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Universal design solutions that address academic barriers for students with a Specific Learning Disability (SpLD)


Universal Design for Learning (UDL) aims to ensure all individuals have equal opportunities to learn. As an approach, UDL minimises barriers and maximises inclusion for all learners. Quality innovative pedagogical approaches apply UDL in order to ensure all students are catered for within the mainstream learning environment (Blamires, 1999). This typically means that students with an SpLD do not need to disclose their disability to academic staff as they are able to respond to teaching strategies that are best aligned with their processing preferences. UDL applies to the education context in a similar way that universal design for buildings ensures that the built environment includes access features for all, including people with a disability.

National Center on Universal Design for Learning (US) contains further information on Universal Design.

The US Higher Education Opportunity Act of 2008 (HEOA) this link takes you away from ADCET defines Universal Design for Learning as:

“The term Universal Design For Learning means a scientifically valid framework for guiding educational practice that: (A) provides flexibility in the ways information is presented, in the ways students respond or demonstrate knowledge and skills, and in the ways students are engaged; and (B) reduces barriers in instruction, provides appropriate accommodations, supports, and challenges, and maintains high achievement expectations for all students, including students with disabilities and students who are limited English proficient."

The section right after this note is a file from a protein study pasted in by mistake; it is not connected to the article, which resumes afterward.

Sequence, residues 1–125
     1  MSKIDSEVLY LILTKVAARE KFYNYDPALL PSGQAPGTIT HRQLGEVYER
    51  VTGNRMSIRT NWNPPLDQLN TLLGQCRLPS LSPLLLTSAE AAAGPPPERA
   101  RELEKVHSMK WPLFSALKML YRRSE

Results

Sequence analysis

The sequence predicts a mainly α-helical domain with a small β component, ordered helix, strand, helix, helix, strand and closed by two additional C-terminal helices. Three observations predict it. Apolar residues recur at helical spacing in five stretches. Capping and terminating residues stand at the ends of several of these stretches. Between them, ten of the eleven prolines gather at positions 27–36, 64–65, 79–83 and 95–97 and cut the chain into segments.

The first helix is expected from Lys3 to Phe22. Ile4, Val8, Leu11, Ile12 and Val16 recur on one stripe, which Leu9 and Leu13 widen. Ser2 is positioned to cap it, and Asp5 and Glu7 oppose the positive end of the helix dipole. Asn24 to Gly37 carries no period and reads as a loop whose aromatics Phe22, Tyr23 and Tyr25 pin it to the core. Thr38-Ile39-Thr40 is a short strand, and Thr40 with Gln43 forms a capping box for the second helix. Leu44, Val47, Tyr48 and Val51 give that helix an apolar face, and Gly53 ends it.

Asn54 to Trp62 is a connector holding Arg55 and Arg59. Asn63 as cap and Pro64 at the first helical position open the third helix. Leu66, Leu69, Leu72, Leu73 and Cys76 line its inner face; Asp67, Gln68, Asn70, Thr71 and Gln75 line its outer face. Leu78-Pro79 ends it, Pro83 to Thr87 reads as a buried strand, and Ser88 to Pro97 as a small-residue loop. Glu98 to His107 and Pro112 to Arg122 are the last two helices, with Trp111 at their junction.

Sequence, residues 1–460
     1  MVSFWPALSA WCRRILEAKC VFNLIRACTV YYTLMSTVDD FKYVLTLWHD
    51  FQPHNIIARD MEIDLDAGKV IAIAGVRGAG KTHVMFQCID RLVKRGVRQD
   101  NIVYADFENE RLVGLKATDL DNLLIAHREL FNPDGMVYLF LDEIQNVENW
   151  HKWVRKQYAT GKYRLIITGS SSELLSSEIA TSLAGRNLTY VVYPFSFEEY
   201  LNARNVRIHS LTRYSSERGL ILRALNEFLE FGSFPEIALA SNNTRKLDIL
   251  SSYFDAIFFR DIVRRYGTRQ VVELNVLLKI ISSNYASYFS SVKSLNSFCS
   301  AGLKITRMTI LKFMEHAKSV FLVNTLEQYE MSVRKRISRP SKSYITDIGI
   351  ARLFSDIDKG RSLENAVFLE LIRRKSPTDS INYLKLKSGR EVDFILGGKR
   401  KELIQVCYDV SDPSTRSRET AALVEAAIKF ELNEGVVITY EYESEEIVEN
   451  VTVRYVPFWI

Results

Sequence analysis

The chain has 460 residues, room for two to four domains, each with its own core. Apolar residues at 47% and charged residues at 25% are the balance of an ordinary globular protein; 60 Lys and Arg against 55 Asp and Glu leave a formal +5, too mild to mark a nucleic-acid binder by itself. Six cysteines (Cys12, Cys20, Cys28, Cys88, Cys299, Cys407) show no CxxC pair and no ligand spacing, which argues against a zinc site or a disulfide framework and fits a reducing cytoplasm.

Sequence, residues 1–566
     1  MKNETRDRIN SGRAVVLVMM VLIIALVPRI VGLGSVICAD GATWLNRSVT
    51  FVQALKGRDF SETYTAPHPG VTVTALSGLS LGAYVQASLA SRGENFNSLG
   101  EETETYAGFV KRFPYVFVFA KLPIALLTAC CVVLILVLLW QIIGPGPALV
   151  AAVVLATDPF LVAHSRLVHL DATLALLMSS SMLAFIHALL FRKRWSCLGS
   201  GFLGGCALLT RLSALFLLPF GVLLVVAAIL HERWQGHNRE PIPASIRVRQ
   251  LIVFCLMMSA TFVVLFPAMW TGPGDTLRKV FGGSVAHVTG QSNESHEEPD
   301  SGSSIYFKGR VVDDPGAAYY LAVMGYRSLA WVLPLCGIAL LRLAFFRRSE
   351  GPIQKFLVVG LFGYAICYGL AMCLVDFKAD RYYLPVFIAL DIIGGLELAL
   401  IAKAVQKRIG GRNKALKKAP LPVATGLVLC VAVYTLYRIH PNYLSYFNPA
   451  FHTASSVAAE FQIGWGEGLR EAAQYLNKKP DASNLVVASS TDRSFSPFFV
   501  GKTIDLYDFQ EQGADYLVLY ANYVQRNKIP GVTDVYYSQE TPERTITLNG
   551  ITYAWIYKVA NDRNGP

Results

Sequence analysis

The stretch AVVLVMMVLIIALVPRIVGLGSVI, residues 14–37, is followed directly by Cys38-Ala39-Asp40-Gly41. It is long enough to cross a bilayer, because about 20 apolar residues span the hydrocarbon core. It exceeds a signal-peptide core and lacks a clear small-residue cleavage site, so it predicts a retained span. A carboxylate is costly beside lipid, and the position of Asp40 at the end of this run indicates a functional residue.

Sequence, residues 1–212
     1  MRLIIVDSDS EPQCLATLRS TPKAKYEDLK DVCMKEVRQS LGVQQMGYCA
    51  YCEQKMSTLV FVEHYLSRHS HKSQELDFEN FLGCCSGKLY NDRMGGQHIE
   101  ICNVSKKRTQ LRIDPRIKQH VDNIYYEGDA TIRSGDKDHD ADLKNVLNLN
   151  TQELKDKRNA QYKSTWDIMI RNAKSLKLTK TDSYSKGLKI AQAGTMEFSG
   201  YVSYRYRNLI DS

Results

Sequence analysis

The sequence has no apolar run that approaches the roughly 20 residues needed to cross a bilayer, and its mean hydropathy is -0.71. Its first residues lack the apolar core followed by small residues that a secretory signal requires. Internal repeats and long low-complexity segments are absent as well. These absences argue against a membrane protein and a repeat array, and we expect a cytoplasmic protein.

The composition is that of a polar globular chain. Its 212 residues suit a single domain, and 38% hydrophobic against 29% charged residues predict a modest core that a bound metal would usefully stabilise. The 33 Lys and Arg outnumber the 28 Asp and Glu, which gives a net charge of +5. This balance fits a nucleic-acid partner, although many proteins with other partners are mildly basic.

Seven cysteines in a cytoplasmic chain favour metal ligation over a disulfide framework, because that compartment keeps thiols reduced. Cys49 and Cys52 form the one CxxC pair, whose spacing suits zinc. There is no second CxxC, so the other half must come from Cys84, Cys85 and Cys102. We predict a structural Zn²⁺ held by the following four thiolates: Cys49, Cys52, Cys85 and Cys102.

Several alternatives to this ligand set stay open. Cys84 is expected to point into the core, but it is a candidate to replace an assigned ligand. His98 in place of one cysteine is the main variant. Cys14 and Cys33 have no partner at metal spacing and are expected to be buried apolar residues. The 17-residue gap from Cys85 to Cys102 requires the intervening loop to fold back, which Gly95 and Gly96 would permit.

The three principles of UDL focus on:

  • Multiple formats of learning content
  • Multiple means of expression
  • Multiple modes of engagement

Tips for Universal Design for Learning (UDL) to engage students with an SpLD:

  • Explicit teaching of new concepts and terminology in a variety of formats
  • Reinforcement of new learning through provision of student resources in multiple formats such as hand-outs in dot point format and links to YouTube clips
  • Use of practical examples or demonstrations to reinforce learning
  • Provision of extended time for all students to complete in-class tasks
  • Provision of hand-outs or other reading material in advance of the class
  • Information on slides or hand-outs read out to the entire class
  • Use of mainstream inclusive software for all students
  • Assessment due dates outlined at the start of each semester
  • Assessment tasks clearly written with explicit reference to marking criteria
  • Students provided with multiple options for assessment tasks such as group presentation, written assignment, video presentation, poster, etc whilst ensuring a focus on the competencies being assessed
  • All lectures audio recorded
  • Opportunity to submit a draft of assessment tasks for feedback and guidance
  • Provision of feedback in electronic format

Further resources: